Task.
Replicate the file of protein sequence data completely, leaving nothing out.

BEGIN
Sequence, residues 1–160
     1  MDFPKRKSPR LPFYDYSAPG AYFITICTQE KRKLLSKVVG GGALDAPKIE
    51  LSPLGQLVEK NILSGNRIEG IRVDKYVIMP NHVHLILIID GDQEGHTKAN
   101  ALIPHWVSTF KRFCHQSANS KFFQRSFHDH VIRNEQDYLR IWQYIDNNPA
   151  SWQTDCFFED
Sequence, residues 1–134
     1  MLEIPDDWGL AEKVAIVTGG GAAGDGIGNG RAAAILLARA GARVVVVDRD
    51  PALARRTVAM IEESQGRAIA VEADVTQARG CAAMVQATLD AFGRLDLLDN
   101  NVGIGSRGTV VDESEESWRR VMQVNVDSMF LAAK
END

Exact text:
Sequence, residues 1–160
     1  MDFPKRKSPR LPFYDYSAPG AYFITICTQE KRKLLSKVVG GGALDAPKIE
    51  LSPLGQLVEK NILSGNRIEG IRVDKYVIMP NHVHLILIID GDQEGHTKAN
   101  ALIPHWVSTF KRFCHQSANS KFFQRSFHDH VIRNEQDYLR IWQYIDNNPA
   151  SWQTDCFFED
Sequence, residues 1–134
     1  MLEIPDDWGL AEKVAIVTGG GAAGDGIGNG RAAAILLARA GARVVVVDRD
    51  PALARRTVAM IEESQGRAIA VEADVTQARG CAAMVQATLD AFGRLDLLDN
   101  NVGIGSRGTV VDESEESWRR VMQVNVDSMF LAAK